Big Raises for Australian Leaders

As country's universities seek federal permission to raise tuition, their chief executives are seeing their pay increase sharply.

April 15, 2015

University leaders in Australia have been pocketing large salary increases at the same time that they seek federal legislation to allow fee deregulation based on the ­argument their institutions are cash-strapped.

The biggest increase was for Sandra Harding, head of north Queensland’s James Cook University and chairwoman of Universities Australia, an advocacy group.

Harding’s salary has increased 65 percent in just four years -- from $559,000 Australian (which equates to $426,508 in U.S. dollars) in 2010 to $927,000 Australian ($707,287) last year, including a $79,000 (Australian) pay increase last year. All other dollar figures in this article are in Australian dollars.

The title of highest-paid vice chancellor in Australia goes to Australian Catholic University’s Greg Craven, who took home a package of about $1.2 million in 2013. The best paid in Queensland is Peter Coaldrake, head of Queensland University of Technology, who earned $1.06 million last year. Coaldrake, whose salary has risen 39.5 percent since 2010, is the country’s longest-serving vice chancellor of a single institution, having taken over as head of QUT in 2003.

Andrew Bonnell, president of the Queensland division of the National Tertiary Education Union, described the size of the pay packets and the increases as hard to reconcile with vice chancellors’ crying poor in their push for fee deregulation.

“It’s incongruous when universities are crying out that they are cash-strapped and you’ve got vice chancellors on salaries of over $1 million,” Bonnell said. The annual reports for universities in Queensland and Western Australia have been published, but other states have not yet tabled their reports to their relevant ­parliaments.

Of Western Australia’s four public universities, the highest paid vice chancellor in 2015 was Paul Johnson at the University of Western Australia, who appears to have taken a small pay cut to about $959,000. His university also saw a drop in operating ­surplus from $124 million in 2013 to $90.5 million last year.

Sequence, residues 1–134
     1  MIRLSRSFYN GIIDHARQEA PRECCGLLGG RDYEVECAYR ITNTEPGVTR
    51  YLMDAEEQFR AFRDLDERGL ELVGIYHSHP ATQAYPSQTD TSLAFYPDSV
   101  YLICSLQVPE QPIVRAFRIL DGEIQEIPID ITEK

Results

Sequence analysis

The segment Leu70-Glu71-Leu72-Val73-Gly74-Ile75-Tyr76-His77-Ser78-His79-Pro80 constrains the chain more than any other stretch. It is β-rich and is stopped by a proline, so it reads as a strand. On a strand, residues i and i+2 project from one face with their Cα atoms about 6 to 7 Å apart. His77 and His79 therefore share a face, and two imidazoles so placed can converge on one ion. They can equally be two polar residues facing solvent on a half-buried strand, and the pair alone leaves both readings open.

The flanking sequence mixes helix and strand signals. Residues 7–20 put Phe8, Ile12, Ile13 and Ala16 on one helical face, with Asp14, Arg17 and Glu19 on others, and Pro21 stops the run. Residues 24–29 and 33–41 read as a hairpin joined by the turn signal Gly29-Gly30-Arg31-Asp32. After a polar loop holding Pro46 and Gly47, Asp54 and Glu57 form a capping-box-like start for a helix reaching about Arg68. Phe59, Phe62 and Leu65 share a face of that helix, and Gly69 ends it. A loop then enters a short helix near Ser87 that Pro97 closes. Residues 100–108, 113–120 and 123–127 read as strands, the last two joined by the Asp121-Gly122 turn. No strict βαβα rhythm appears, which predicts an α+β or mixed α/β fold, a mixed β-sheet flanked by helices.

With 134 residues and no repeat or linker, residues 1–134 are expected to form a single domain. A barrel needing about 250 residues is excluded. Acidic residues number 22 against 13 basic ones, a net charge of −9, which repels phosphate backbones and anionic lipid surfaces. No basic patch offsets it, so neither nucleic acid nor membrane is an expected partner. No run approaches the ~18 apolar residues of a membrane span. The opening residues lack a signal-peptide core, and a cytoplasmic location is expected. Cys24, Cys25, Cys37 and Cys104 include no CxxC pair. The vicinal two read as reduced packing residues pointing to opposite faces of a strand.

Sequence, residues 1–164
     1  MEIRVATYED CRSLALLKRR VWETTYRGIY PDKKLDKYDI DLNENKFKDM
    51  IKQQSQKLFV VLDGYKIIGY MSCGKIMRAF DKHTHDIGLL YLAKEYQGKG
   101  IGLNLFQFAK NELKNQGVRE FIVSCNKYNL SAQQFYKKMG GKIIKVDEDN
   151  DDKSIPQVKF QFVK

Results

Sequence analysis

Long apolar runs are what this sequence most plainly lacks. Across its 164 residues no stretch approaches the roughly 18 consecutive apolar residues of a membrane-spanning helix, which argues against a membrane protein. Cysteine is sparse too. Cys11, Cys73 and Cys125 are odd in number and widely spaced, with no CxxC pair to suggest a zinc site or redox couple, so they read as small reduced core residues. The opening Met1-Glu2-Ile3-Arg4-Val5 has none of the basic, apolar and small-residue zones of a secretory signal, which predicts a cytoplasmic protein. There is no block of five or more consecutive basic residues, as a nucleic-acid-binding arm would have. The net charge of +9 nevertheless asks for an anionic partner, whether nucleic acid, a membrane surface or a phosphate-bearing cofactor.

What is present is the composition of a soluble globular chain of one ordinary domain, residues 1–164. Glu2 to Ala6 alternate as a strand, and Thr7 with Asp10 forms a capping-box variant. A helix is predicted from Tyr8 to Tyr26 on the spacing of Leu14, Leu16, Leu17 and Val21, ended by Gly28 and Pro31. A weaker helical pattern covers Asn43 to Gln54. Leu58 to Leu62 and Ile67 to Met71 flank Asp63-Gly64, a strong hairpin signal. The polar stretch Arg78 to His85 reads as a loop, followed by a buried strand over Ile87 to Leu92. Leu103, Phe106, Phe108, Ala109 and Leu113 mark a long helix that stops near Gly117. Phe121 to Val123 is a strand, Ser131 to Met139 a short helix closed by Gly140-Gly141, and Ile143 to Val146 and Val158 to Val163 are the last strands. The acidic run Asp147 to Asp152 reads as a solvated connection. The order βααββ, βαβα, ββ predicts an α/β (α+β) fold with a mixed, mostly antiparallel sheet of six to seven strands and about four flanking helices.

Richard Higgott, forced to resign from Murdoch University after he was referred to the state’s Crime and Corruption Commission over unspecified claims, received about $760,000 last year. He also oversaw a massive drop in operating surplus from $35.9 million in 2013 to just $2.9 million last year.

Back in Queensland, Peter Hoj, who took over the reins of the University of Queensland in late 2012 following another forced resignation -- that of Paul Greenfield -- took home a salary package of $1.05 million last year.

Scott Bowman of Central Queensland University, with a package of $569,000, was the state’s lowest-paid vice chancellor. Bowman’s salary has risen just 16 percent since 2010. “All the senior executive, including myself, take the same salary increase as the staff get under their enterprise agreement,” Bowman said. “In the year the university posted a deficit, none of the senior executive took a pay rise.”

James Cook University’s chancellor, John Grey, defended Harding’s ­salary increases, saying that in setting executive salaries, “JCU accesses appropriate market benchmarks.… In these increasingly competitive times, universities require ­exceptionally capable and influential leadership.”

Likewise, QUT Chancellor Tim Fairfax defended Coaldrake’s salary, saying the university had revenues of nearly $1 billion.

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